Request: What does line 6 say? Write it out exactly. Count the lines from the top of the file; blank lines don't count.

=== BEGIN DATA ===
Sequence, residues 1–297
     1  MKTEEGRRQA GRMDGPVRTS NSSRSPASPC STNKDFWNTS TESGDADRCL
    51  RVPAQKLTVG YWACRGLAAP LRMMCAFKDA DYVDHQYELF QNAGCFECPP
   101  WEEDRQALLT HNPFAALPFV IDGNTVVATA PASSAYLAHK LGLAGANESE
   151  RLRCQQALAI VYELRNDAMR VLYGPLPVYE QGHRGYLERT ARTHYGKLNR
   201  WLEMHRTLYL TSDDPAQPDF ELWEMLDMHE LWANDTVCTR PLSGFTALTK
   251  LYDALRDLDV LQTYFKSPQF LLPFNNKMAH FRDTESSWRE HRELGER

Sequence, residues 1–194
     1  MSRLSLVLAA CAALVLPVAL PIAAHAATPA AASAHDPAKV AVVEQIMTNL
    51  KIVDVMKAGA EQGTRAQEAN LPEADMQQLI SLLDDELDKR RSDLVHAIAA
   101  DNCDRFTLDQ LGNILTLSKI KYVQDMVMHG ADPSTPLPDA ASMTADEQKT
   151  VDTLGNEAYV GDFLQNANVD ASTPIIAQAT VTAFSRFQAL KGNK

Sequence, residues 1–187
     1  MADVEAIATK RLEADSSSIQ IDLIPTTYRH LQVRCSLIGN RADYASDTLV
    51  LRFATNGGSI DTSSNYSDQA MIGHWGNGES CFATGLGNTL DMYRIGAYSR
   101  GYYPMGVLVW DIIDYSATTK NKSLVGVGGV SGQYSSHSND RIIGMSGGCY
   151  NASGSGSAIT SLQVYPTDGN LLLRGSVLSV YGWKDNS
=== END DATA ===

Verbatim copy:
   201  WLEMHRTLYL TSDDPAQPDF ELWEMLDMHE LWANDTVCTR PLSGFTALTK